Camping and RVing in the Similkameen
For some, counting the stars in the night sky is more important than thread count. Camping and RVing are one of the best ways to experience our area. Grab your gear and come enjoy the Similkameen!
Campgrounds and RV Resorts
There are several private Campground and RV resorts in the Similkameen. In addition, there are also members-only Harvest Host camping experiences at area wineries and farms. Others have cottages or cabins and places to park your RV or pitch your tent.
Camp beside the river, or in an orchard near a winery. Perhaps you’d prefer setting up for the night in an historic site or maybe at a golf club? In addition, you’ll find Camping and RV parks located within a short walk to a lake, or nestled beside a babbling brook.
There are so many ways to fall asleep under the stars here. Our service directory has a listing of many of the Campgrounds and RV Parks in the area.
You’ll find several Provincial Parks nestled along scenic lakes and rivers in the Similkameen that offer drive-in camping and RV experiences. All have plenty of stars overhead. Plan ahead and visit the BC Parks Page for information on closures, restrictions, etc.
- Allison Lake Provincial Park is off the beaten track, 28 km north of Princeton. Open June to September, there are 22 vehicle accessible campsites here. Enjoy canoeing, cycling, fishing, swimming and water skiing!
- Bromley Rock Provincial Park is located 21 km east of Princeton off Hwy. 3. Open April to late September, there are 17 vehicle accessible campsites. Reservations accepted. Enjoy relaxing on or beside the river at the picnic area. Lie on the beach or swim in the pool created by jutting rocks.
- Otter Lake Provincial Park is 33 km northwest of Princeton near Coalmont and Tulameen. Open May to late September, there are 45 vehicle accessible campsite. Reservations accepted. Canoe, fish, hike, bike or ski, swim to your heart’s content. There’s also a boat launch and a picnic area for your convenience.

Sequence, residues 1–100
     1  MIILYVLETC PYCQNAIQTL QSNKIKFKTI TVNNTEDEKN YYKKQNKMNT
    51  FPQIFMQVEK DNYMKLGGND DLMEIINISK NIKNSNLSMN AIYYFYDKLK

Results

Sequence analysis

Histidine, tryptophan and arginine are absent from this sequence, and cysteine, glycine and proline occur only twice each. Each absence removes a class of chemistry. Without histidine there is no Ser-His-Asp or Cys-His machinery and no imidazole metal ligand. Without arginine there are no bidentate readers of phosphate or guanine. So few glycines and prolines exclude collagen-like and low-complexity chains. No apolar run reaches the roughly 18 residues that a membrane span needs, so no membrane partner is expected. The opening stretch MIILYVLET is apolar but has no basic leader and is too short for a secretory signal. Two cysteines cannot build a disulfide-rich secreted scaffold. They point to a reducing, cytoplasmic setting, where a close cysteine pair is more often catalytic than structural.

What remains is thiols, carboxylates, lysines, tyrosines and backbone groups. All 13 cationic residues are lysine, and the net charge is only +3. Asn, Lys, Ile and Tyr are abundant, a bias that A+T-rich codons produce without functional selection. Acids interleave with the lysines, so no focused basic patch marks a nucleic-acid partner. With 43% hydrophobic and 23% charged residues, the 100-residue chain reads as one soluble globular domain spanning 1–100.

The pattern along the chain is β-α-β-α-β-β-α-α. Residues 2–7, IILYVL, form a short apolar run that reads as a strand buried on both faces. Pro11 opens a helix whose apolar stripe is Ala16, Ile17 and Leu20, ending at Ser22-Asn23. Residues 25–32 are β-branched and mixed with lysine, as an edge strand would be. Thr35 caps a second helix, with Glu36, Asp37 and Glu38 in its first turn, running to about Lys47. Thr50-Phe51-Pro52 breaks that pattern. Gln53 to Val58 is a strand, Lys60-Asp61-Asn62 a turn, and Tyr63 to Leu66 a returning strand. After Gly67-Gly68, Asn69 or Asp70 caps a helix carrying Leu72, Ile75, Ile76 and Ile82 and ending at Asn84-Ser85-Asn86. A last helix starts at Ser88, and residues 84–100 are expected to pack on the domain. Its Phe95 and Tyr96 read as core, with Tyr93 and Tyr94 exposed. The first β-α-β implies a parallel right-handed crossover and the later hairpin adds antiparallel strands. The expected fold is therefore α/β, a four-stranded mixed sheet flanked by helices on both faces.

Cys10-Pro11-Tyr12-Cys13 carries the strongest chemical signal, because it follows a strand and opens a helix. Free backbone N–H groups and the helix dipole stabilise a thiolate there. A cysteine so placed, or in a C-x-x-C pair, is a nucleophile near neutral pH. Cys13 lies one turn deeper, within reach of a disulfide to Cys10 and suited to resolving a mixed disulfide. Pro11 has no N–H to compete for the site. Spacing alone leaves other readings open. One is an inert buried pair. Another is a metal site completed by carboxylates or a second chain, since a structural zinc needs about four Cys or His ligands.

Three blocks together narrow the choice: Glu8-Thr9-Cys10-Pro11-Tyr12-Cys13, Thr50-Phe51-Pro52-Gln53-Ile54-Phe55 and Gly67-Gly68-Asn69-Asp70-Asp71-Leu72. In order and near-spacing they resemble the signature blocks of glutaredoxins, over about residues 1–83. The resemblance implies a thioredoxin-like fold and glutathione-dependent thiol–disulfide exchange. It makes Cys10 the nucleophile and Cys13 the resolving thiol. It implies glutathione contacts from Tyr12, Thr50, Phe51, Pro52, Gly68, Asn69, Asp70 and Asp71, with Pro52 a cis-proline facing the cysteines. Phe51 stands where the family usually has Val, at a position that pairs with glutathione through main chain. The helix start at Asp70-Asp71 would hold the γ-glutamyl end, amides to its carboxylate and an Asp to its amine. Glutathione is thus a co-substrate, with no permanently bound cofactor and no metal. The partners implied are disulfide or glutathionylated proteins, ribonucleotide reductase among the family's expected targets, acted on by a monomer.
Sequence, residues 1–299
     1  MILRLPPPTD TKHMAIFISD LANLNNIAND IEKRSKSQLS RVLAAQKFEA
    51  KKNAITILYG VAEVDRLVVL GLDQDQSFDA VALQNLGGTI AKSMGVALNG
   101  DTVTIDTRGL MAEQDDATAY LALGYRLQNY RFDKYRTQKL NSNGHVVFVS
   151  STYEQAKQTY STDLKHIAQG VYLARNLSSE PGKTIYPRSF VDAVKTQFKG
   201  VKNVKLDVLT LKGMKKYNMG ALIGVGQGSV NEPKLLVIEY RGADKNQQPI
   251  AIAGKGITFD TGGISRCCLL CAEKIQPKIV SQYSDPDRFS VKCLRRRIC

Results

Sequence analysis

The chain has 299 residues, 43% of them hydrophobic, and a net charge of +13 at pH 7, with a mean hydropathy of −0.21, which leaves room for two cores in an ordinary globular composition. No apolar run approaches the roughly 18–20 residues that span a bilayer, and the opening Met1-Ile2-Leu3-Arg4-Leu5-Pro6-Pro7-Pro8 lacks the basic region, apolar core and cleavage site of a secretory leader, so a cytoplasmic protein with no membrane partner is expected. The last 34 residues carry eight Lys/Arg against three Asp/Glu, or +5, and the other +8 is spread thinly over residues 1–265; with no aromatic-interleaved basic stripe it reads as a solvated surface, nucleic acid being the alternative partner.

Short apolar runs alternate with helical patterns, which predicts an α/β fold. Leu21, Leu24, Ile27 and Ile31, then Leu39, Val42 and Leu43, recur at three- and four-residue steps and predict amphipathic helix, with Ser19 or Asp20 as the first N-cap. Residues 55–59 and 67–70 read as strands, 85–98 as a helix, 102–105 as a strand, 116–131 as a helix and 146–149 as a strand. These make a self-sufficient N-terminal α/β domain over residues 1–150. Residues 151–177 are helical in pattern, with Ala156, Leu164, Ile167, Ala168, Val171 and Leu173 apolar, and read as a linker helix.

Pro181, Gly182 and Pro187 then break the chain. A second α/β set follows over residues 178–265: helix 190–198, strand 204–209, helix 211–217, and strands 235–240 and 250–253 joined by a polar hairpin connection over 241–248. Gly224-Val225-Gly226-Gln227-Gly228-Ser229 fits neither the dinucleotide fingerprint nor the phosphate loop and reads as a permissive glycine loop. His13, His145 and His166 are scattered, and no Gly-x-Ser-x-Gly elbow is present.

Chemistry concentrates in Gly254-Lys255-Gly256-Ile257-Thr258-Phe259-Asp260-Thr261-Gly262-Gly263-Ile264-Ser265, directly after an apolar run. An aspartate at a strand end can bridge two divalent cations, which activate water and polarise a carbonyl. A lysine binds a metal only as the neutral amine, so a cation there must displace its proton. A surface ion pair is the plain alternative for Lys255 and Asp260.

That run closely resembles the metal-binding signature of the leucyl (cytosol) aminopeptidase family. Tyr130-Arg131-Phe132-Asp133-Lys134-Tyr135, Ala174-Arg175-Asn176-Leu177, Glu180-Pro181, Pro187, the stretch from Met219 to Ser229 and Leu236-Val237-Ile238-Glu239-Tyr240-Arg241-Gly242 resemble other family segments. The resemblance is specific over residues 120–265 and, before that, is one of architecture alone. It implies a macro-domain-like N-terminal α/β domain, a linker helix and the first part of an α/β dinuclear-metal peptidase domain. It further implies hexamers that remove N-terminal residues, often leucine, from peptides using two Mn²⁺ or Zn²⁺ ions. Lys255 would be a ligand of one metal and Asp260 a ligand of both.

- Stemwinder Provincial Park is 35 km east Princeton on Hwy. 3 near Hedley. Open April to late September, there are 27 vehicle accessible campsites. Reservations accepted. Bring your fishing gear as anglers love to cast from the rock covered shoreline.
- Nickel Plate Provincial Park is near Apex Mountain on a forest service road. Great for summer and winter recreation, hunting and fishing. There’s a boat launch and pit toilets here.
- Cathedral Provincial Park and Protected Area is just off Hwy 3, west of Keremeos, by crossing the red bridge. This site is open May to October, with a small number of vehicle accessible campsites available on a first-come, first-served basis at the Lakeview Trailhead campground.
- E.C. Manning Provincial Park has several campsites, some open from spring to fall, and others for winter camping only. You’ll find the eastern gate to Manning Park, 52 km west of Princeton on Hwy 3. Reservations accepted. Discover how much there is to do here for summer and winter recreation. They have approximately 20 trails for hiking, biking and horseback riding. In addition, there’s even a place to camp with your horse.
The best way to find out where to do your backcountry camping is to check in with the nearest Visitor Centre. Pick up a forestry map while you’re there. They’ll also be able to tell you which roads are not accessible at the time of your visit. Make sure you find out if there is any logging activity or restrictions before you head into the backcountry.
Recreations Sites and Trails has a mobile friendly map where you can see where to find spots for rustic camping as well as trails for hiking, biking, horseback riding and more. You can check for current closures as well as any alerts that may be in effect.
The BC Government also has a great site with resources to help you plan your backcountry adventure.